Boston Red Sox lefty Brian Johnson has been working on a fourth pitch in hopes of making an impact in 2020.
Losing Sale would almost certainly mean that the Sox would have to punt on the 2020 season before it has even begun.
Sale will not be ready for Opening Day (I’m estimating June 1…and that’s me being conservative) so that leaves Eduardo Rodriguez, Nathan Eovaldi, and Martin Perez as your top three starters as presently constituted.
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I have no real concerns about ERod (career season in 2019), but Eovaldi (injury prone) and Perez (5th starter at best) are still relative question marks as far as what they can contribute in 2020.
Enter the intriguing case of Brian Johnson, who was DFA’d this winter, cleared waivers, and re-signed with the Sox as a non-roster invitee to spring training. Johnson has been with the Boston Red Sox since 2015, but besides some isolated, promising performances, he has generally shown himself to be an ineffective pitcher.
He has a career record of 7-9 with a 4.74 ERA in 65 appearances (26 starts). Statistically speaking, last season was Johnson’s worst. He posted a 6.02 ERA, a point and a quarter higher than his career average, with 53 hits and 23 walks in only 40 innings pitched.
He’s garnered more success as a reliever than a starter, so why is Johnson even in the conversation to crack the rotation, despite its tenable state?
Johnson has been working on improving his changeup, a pitch that he threw exactly zero times last season. Johnson currently throws three pitches, but none of them are especially fearsome to batters.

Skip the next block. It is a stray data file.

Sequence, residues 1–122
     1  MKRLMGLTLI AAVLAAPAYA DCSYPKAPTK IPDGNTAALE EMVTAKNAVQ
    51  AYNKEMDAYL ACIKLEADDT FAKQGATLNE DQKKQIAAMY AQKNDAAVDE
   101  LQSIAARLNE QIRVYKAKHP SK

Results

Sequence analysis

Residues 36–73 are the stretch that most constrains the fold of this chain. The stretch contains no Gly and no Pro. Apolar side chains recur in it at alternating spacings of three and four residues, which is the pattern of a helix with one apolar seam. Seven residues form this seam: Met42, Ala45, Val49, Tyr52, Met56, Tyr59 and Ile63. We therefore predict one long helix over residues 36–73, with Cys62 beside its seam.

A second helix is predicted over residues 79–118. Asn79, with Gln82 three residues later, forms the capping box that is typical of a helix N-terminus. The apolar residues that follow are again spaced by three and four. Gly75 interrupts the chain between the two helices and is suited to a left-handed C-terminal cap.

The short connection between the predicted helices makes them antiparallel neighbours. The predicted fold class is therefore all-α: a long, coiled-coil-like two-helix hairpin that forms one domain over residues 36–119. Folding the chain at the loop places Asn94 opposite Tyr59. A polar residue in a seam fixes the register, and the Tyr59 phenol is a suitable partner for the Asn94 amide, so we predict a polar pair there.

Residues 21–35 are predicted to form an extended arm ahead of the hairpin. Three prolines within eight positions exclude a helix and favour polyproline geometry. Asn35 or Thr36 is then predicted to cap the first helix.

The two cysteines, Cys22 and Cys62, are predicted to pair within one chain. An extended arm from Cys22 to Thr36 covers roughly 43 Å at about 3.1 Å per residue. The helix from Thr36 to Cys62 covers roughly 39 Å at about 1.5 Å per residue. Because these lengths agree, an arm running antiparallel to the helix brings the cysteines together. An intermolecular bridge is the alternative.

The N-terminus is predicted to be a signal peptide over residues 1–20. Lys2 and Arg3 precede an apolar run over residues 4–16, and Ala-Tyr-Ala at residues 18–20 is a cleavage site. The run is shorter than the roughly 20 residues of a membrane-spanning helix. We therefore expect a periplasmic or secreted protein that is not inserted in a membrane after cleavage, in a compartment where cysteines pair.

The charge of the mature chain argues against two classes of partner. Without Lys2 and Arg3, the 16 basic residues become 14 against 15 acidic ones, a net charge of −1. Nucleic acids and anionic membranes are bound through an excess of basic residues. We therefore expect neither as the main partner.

Heres a breakdown of Johnson’s current arsenal of weapons: Four-seam Fastball: 88 MPH, throws 46 percent of the time. Curveball: 74 MPH, throws 32 percent of the time. Slider: 78 MPH, throws 19 percent of the time (Johnson mixes in a sinker, and to a lesser extent the changeup for less than 3 percent of his total pitches thrown).
Johnson’s changeup has been his worst pitch. Batters are hitting .400 against him with a .500 slugging percentage when he tossed his off-speed junk.
But recently, Johnson had noticed that the pitch was ineffective because of his especially long delivery, which may have either tipped the pitch to hitters or allowed them more time to get set for the delivery.
Brian Johnson has reportedly shorted up his delivery and has noticed marked improvements thus far.
Johnson noted that he was 100 percent more confident in the pitch than in years prior. Additionally, he noted that he is less sore after outings when he mixed in the change.
This all good news, because here is the weird stat about Johnson…he gets more effective the deeper he goes into games. In the first plate appearance by a batter when Johnson starts, his BAA is .289. By the fourth time he’s faced a batter, his BAA is .111. If the new and improved changeup can reduce the wear and tear and help Johnson go deeper into his starts, he will become less of an “opener” and more of a true starter for the Boston Red Sox.
I’m not 100 percent sold on Johnson. There are questions if he’ll even make the team, never mind be a starter. But so far this spring he has a 0.00 ERA in three appearances, and he’s proven in the past that he can contribute from time to time.
With little options internally by way of prospects, or externally by way of trade or free agency, it wouldn’t hurt to give Johnson a shot.